How do birds know which species they are?

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Subject: How do birds know which species they are?
From: "Tony Lawson" <>
Date: Tue, 16 Jun 2009 16:37:34 +1000

Q. How do birds know which species they are? That is, how do they recognize one another so they can flock together?

A. Depending on the circumstances, birds can recognize one another by a complex menu of plumage, shape, behavior and especially song, but it is not always so important to them to make the call, said Kevin McGowan, an ornithologist with the Cornell Laboratory of Ornithology in Ithaca, N.Y.

Some birds that a human could not distinguish by sight as belonging to different species can recognize one another by subtle differences in song, Mr. McGowan said, and other species engage in elaborate and distinctive courtship displays when mating. But for many species, at times it doesn?t matter, he said. Flocks of ducks or geese can contain members of several distinct species, for example, and if they are confronted by a predatory hawk or a hunter, they all take off together.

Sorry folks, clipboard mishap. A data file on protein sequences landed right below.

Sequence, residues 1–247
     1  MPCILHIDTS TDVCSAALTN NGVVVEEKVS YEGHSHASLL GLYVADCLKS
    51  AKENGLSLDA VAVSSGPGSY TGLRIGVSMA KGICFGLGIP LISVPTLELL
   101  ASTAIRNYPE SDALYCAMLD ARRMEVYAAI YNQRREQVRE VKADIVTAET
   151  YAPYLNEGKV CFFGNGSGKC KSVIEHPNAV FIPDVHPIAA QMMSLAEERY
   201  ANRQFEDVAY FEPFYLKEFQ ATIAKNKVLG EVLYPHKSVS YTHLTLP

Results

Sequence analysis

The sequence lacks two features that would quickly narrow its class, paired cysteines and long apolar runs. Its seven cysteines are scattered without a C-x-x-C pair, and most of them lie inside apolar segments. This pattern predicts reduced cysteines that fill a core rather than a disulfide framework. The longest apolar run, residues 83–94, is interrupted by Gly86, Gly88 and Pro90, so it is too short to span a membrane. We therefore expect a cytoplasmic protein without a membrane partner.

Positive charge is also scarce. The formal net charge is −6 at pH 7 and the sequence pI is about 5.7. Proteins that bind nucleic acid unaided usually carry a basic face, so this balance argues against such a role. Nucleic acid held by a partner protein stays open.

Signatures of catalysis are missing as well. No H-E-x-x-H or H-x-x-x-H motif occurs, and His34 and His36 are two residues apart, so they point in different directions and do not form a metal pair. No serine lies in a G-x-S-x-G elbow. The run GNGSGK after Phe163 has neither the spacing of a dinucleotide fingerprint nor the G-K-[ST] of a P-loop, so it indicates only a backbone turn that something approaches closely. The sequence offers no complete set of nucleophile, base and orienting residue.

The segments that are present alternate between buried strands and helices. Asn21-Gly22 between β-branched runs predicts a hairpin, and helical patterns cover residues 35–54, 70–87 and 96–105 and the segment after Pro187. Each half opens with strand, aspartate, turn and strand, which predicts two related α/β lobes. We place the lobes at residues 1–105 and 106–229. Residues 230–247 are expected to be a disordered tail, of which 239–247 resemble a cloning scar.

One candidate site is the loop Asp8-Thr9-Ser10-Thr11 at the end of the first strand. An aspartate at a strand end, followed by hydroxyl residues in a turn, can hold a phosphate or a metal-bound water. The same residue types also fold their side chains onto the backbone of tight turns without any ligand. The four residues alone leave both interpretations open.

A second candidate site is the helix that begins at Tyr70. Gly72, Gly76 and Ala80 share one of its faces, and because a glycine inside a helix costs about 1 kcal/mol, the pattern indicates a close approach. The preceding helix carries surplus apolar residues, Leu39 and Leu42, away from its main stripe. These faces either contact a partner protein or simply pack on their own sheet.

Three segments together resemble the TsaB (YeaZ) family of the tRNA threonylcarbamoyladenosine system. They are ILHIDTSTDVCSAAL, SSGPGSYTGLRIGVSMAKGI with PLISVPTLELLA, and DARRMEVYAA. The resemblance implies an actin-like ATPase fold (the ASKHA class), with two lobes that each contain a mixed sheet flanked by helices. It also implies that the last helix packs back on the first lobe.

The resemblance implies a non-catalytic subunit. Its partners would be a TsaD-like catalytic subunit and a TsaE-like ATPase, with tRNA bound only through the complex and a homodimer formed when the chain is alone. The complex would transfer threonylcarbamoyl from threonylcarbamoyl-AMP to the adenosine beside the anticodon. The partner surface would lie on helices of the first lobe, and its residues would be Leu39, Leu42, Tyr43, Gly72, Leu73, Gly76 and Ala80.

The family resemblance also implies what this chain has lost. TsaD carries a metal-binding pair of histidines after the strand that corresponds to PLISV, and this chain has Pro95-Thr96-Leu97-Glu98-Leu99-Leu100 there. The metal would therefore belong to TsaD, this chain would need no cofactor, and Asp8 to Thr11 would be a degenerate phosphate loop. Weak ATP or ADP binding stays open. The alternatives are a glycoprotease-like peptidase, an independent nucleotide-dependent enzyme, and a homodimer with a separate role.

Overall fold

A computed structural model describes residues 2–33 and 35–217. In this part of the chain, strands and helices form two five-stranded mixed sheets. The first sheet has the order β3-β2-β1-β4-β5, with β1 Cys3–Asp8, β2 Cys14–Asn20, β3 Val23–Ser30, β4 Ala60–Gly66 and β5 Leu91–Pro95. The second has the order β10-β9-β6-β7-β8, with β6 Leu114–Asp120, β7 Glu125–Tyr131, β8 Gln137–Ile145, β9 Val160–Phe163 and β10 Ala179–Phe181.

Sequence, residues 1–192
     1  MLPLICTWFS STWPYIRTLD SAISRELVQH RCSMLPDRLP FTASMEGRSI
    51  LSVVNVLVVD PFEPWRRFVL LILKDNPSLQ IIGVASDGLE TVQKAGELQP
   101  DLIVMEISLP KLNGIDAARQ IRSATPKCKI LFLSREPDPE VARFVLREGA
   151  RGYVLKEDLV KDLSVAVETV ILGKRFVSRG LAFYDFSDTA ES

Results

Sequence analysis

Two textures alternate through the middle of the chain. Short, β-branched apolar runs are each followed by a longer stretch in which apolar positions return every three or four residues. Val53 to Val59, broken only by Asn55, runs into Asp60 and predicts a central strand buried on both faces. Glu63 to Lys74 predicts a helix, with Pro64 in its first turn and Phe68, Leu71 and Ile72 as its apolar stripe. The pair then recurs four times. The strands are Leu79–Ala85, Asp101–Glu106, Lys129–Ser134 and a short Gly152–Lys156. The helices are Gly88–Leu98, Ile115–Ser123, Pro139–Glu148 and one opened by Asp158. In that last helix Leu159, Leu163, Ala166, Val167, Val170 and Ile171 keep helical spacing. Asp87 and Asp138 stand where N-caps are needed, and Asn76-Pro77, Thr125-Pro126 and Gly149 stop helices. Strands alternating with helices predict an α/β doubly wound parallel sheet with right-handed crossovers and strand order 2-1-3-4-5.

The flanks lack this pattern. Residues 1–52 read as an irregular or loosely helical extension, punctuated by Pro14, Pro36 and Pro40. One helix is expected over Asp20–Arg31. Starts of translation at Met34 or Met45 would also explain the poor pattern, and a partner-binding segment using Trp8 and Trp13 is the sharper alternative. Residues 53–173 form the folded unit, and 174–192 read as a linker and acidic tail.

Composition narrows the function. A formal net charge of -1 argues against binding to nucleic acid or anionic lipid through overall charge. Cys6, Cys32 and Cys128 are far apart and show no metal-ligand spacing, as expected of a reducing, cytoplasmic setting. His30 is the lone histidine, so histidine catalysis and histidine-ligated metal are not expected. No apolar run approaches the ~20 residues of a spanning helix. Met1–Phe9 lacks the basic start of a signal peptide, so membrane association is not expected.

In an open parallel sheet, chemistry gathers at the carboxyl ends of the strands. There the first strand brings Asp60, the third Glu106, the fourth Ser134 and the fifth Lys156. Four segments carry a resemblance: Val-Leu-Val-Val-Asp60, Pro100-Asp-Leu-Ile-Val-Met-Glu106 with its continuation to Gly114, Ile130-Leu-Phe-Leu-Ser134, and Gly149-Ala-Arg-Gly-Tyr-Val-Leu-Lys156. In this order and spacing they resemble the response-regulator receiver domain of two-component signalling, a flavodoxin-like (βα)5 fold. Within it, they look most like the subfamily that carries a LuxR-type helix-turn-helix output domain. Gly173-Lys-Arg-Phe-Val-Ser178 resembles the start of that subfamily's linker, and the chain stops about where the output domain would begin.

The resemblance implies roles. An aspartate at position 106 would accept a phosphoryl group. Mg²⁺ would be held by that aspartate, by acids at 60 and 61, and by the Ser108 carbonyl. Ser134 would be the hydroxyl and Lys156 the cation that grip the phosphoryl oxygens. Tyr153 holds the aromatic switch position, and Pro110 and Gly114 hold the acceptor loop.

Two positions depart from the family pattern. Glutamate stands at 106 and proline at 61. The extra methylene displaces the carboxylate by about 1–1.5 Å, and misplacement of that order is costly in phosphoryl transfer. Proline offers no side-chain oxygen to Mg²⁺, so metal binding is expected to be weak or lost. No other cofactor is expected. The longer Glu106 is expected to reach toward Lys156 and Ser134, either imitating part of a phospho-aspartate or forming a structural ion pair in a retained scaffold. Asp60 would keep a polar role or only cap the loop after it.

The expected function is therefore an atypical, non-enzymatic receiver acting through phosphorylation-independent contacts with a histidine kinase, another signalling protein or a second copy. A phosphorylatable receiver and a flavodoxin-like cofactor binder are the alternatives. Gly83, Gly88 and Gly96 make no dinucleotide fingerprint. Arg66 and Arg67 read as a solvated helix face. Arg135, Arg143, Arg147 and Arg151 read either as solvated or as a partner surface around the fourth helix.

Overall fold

If an individual bird is lost, Mr. McGowan said, in some species the lost member ?will make do with something else and hang out with that species.? He compared the situation to a person walking down a strange street: ?He would prefer to be with family, but if he recognizes the next best thing, he is happy to walk along with them.?

But when the time comes for breeding, the individual bird will try hard to find a member of the same species, through song or strut.


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